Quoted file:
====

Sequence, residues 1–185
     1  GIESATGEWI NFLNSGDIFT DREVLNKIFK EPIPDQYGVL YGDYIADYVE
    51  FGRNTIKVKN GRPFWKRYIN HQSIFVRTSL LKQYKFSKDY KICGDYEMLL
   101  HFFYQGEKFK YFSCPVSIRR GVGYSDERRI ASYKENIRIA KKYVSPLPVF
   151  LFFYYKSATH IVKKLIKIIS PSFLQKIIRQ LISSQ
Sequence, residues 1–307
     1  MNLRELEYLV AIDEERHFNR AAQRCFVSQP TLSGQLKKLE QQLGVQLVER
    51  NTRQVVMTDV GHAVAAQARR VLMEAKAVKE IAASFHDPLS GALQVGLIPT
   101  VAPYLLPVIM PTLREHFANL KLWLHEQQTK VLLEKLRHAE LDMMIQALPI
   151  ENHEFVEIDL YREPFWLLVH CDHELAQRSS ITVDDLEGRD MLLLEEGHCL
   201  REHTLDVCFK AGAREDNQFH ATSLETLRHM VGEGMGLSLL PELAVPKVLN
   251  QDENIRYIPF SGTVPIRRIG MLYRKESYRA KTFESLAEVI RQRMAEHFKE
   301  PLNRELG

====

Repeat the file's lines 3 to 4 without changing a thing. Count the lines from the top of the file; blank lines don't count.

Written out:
    51  FGRNTIKVKN GRPFWKRYIN HQSIFVRTSL LKQYKFSKDY KICGDYEMLL
   101  HFFYQGEKFK YFSCPVSIRR GVGYSDERRI ASYKENIRIA KKYVSPLPVF